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Farming & Fisheries

Lorna earns Walsh gold medal for pioneering dairy research

June 4th, 2024 1:00 PM

By Michael Stephens

Lorna earns Walsh gold medal for pioneering dairy research Image
Lorna Twomey, winner of the Teagasc Walsh Scholars Gold Medal award 2024 with her mother Mary Twomey.

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A LEAP farmer has been honoured for her research in milking equipment cleaning protocols with particular emphasis on chlorine-free cleaning and how this effects the bacterial quality of milk.

The Teagasc Walsh Scholars Gold Medal was awarded to Lorna Twomey from Teagasc’s animal and grassland research and innovation programme. The Gold Medal, which is the programme’s highest accolade, was presented at an awards ceremony at Teagasc Ashtown.

Jane Kavanagh, head of research development and Walsh Ssholarships at Teagasc with Pat Dillon, director of research, Teagasc; with the winner of the Teagasc Walsh Scholars Gold Medal Lorna Twomey and her mother Mary.


The Teagasc Walsh Scholar Gold Medal Award is now in its 30th year of celebrating scholarly excellence at Teagasc. It is a competitive award for Teagasc Walsh scholars nearing the end of their PhD scholarships.

Lorna’s PhD forms part of vital work by Teagasc in partnership with dairy industry processors to reduce chlorate levels in dairy processing.

Chlorate residues in milk products threaten consumer confidence and the reputation of the dairy industry. As a means of minimising chlorate, a harmful, chlorine-based residue in milk and its derivatives, Irish farmers and milk processors have replaced chlorinated cleaning protocols with chlorine-free alternatives.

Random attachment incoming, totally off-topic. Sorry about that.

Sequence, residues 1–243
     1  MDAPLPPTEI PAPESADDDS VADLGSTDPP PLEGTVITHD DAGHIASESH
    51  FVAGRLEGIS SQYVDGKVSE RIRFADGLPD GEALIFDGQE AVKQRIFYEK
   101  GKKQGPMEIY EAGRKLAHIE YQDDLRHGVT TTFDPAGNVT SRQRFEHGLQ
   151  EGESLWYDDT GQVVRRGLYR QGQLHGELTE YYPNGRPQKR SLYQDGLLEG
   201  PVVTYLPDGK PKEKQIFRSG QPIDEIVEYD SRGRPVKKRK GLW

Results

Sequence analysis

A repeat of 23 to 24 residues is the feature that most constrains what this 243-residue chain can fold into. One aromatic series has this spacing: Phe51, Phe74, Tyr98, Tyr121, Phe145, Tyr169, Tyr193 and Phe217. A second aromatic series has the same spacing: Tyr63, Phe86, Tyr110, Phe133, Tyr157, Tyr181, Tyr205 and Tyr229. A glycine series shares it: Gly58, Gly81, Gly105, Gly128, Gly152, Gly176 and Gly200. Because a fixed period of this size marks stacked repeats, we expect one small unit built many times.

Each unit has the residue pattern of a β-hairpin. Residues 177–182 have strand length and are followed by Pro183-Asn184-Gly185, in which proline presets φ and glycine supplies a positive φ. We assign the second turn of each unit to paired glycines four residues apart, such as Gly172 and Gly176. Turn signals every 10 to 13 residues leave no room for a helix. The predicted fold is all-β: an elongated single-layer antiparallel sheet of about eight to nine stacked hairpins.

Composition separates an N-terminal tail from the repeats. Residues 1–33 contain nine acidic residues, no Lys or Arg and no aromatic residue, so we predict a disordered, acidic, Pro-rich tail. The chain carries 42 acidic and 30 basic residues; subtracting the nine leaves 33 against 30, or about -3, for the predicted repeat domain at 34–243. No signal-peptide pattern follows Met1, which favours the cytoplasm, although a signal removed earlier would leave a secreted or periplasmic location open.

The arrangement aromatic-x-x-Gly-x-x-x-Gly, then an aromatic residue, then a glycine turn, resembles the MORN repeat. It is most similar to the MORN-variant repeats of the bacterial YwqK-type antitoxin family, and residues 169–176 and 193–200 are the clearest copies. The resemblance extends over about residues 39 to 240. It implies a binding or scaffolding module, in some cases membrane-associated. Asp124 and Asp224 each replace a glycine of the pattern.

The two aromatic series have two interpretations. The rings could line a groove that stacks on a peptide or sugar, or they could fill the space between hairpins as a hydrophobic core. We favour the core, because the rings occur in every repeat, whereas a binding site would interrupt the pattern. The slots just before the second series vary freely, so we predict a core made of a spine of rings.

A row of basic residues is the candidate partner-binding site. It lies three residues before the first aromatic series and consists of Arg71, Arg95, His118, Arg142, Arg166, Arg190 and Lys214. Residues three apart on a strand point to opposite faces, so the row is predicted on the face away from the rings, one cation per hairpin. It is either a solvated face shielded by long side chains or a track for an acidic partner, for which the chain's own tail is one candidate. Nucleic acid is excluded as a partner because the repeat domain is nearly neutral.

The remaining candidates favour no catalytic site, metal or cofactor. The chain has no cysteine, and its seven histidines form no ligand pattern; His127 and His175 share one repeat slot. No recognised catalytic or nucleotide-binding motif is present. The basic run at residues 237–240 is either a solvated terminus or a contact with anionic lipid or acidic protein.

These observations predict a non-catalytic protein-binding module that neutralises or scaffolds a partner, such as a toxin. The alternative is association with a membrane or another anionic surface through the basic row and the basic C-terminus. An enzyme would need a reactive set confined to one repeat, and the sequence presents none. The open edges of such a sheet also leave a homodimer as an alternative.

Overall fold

Lorna Twomey’s PhD project set out to evaluate the effectiveness of these ‘minimum chlorate technologies’ in terms of dairy product quality and safety.

Lorna is from a dairy farm in Clonkeen, Leap and has many years of experience working on her home farm and has also worked in New Zealand as part of her undergraduate degree. She is currently based in the Teagasc Research Centre at Moorepark in Fermoy.

Teagasc director of research, Prof Pat Dillon said: ‘Lorna met the two key objectives of a very successful PhD – increased the scientific knowledge on reducing chlorate levels in Irish dairy products and increased her skills through learning research methods and collaboration with academic and industry stakeholders.’

Congratulating the finalists for showcasing their exceptional talents and commitment to excellence, Jane Kavanagh, the head of research development and Walsh scholarships at Teagasc, said: ‘The Walsh Scholar of the Year awards ceremony not only celebrates the outstanding achievements of our finalists but also underscores their pivotal role in shaping the intellectual landscape of the agri-food industry. Through their innovative research and dedication, these scholars have not only contributed to advancing knowledge but have also developed invaluable transferable skills essential for their future endeavours.’

Teagasc director, Professor Frank O’Mara, congratulated the other Walsh Scholar finalists. ‘Completing a PhD is a great achievement, and will be a major milestone for all the finalists here. They were all excellent, and I congratulate them on getting to this level. Regardless of what direction the next step of their career takes them, I have no doubt they will make a major contribution, and their PhD will stand to them throughout their career.’

The other finalists were: Sarah Woodmartin; Emily Roskam; Joy Clarke; Yahaya Jebril Amanor; Fatma Koc; Sara Perez Vila; Shefali Pardeshi-Dhokale; Lori-Rae van Laren.

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